Sunday, April 19, 2015
FAIRFIELD-SUISUN, CALIFORNIA
99 CENTS

BottleRock bounces back from financial brink for second installment

By
From page B1 | May 30, 2014 |

FAIRFIELD — When Napa-born businessman Dave Graham watched The Black Keys at last year’s inaugural BottleRock Napa Valley festival, he had no idea that, one year later, he would run the show.

In fact, without Graham and his business partners – Justin Dragoo, Jason Scoggins and Joe Fischer, who comprise Latitude 38 Entertainment – there would be no BottleRock festival this year.

The three-day music festival returns Friday to the Napa Valley Exposition with English alternative rockers The Cure, reunited Atlanta hip-hop duo OutKast and North Carolina country singer Eric Church headlining a roster of more than 60 performers.

During the past year, the festival’s future fell into question after months of financial fallout. Debt for BR Festivals Inc., which produced the 2013 installment, ballooned to more than $9 million to various creditors, including the city of Napa, stagehands, vendors and more, according to bankruptcy court documents filed in February.

While concert industry powerhouses such as AEG Live, Live Nation and Another Planet Entertainment expressed varying degrees of interest in taking over, as deadlines loomed to make a 2014 installment possible, Graham and his cohorts came into the picture.

The quartet formed Latitude 38, named after one of Napa’s axis coordinates. The Napans took over the festival with a combination of cash and converting BR Festivals’ debt into equity, eliminating $4.3 million in dues while taking over the name and other assets, said Graham, Latitude 38’s CEO.

“It’s been a whirlwind,” Graham said. “Most people thought we couldn’t pull it off given the baggage.”

Graham, whose business experience includes building startups, said Latitude 38 made three promises to officials who run the Napa Expo, host site for the festival, as well as to the community: Help to eliminate the debt, retain a Napa spirit and commit to a 2014 installment.

The final promise, Graham said, is what distinguished Latitude 38 from other proposals, many of which he said looked to postpone a second event until 2015, after bankruptcy proceedings ended.

“No one was willing to take on that obligation,” Graham said. “People don’t realize that the festival wasn’t going to happen in 2014 unless we stepped up and did it. The festival wasn’t going to happen this year. . . . a lot of the interested parties didn’t want to deal with the debt situation. We were the only ones willing to stand up and make a bad situation less bad.”

Doing so presented Graham and his cohorts with the challenge of untangling the financial knots of the 2013 festival while simultaneously raising funds, building a team and preparing for the realities of this weekend’s installment.

“We realized really quickly that everything was going to need to be done in parallel,” Graham said. “It has been seven days a week since November.”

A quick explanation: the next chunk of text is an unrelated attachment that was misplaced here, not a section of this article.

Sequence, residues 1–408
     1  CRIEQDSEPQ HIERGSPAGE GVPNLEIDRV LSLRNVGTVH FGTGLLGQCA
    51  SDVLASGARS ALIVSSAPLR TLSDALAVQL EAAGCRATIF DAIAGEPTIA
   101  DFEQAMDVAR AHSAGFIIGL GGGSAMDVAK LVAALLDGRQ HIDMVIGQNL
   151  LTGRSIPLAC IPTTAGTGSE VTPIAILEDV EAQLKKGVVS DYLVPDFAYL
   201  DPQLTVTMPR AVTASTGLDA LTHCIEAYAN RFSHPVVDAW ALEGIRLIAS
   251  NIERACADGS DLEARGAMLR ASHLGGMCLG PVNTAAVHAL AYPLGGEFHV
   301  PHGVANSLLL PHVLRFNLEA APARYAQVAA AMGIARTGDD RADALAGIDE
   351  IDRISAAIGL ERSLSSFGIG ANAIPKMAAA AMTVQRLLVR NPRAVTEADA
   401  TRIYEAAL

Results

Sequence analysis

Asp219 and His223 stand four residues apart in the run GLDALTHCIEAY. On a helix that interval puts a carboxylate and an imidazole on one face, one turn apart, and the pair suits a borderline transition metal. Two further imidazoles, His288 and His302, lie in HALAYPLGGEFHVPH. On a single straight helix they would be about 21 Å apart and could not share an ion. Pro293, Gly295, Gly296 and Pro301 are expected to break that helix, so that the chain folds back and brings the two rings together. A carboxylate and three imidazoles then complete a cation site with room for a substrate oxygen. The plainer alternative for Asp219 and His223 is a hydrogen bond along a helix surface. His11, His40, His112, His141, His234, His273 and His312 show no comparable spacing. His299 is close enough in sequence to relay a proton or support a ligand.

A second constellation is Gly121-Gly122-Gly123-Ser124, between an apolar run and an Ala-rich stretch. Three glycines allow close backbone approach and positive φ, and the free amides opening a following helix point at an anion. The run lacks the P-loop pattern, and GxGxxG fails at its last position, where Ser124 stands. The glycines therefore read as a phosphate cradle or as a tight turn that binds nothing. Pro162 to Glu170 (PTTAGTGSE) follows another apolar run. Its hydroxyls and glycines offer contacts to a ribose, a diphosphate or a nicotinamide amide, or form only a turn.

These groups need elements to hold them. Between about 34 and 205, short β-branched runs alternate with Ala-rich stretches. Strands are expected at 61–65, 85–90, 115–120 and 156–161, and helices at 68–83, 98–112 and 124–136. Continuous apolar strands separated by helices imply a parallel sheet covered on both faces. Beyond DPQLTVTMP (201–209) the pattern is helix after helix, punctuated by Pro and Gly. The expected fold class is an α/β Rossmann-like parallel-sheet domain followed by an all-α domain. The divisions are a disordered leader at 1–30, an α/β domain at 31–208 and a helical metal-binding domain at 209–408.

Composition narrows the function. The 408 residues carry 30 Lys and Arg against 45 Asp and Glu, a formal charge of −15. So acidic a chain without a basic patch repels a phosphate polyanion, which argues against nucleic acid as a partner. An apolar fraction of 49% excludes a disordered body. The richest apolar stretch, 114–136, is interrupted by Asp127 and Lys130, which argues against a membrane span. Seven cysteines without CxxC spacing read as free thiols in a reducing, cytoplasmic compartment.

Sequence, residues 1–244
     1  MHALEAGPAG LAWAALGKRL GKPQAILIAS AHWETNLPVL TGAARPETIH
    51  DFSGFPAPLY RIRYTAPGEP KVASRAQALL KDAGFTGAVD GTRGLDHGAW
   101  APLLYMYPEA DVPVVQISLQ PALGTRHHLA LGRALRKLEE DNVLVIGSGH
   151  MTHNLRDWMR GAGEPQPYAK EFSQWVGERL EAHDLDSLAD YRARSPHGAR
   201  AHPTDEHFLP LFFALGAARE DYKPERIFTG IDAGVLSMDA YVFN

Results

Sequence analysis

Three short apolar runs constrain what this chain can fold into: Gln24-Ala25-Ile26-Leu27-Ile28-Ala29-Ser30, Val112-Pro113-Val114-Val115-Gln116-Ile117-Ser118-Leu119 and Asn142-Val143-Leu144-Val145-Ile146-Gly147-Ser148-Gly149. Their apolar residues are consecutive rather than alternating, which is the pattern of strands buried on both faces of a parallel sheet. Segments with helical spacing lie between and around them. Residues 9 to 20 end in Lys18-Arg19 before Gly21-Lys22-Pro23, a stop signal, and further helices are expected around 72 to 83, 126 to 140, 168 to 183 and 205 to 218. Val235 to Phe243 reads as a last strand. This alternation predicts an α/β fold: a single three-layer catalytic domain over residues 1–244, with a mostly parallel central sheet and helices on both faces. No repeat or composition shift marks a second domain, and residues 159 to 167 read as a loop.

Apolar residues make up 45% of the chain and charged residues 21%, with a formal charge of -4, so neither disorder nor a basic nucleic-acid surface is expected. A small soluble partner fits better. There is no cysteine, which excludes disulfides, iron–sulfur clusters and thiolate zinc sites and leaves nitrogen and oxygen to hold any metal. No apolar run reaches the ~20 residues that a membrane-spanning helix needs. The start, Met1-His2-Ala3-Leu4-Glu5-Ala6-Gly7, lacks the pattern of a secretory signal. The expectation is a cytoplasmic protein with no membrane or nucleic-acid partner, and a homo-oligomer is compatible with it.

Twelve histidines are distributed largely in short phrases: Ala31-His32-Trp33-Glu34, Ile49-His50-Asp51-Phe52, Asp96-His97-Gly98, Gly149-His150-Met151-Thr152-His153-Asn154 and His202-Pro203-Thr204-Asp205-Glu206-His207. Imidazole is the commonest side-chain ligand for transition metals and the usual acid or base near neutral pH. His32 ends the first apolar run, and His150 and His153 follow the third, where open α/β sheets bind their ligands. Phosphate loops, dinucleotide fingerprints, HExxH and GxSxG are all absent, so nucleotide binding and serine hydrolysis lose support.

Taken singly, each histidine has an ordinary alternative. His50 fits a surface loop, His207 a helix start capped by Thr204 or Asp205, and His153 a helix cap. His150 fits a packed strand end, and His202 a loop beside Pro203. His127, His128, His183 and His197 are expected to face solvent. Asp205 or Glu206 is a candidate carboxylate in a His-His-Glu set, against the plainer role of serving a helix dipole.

With the deal finalized in January, Latitude 38 had just more than 40 days to pull together a lineup. Joining The Cure, OutKast and Eric Church are artists such as Weezer, TV on the Radio, LL Cool J, The Fray and Heart.

Booking artists proved complicated due to the small time frame as well as “radius clauses,” contractual stipulations that limit when and where artists already booked for other events can perform.

“This year was really difficult for us,” Graham said. “The industry doesn’t know us. They don’t trust us. All they know is BottleRock owes people money.”

Part of the process involved going to creditors owed money from last year’s promoters and convincing them to continue doing business with the BottleRock brand.

“We did feel bad about what happened,” Graham said. “In the beginning, it took two to six conversations for it to understandably compute.”

Eventually, Graham said, many of them came around. He remains hopeful this year’s event can restore faith in the BottleRock name, but said he thinks many concertgoers will attend this year’s festival unaware of the financial drama.

“We knew there was possibility for the brand and we knew there was a possibility to pull this thing off,” he said. “We do have a vision for the future. We’re not paying attention to that vision until we pull this off. On June 2, we’ll start talking about that.”

For more information on tickets, a complete lineup, hotel reservations and more, visit BottleRockNapaValley.com.

To read more of Nick DeCicco’s blogs, visit http://dailyrepublic.typepad.com/forthoseabouttorock. Follow him on Twitter @ndeciccodr.

Nick DeCicco

Nick DeCicco

Nick DeCicco is the editor of the Tailwind and writes the pop culture blog/column For Those About to Rock. Before joining the DR staff in July 2007, DeCicco (pronounced Deh-CEE-Coh) worked at The Union in Grass Valley, Calif., and the Greeley Tribune in Greeley, Colo. A 2004 graduate of the University of Northern Colorado in Greeley, DeCicco spends his free time attending concerts, listening to music, going to movies, traveling and hiking.
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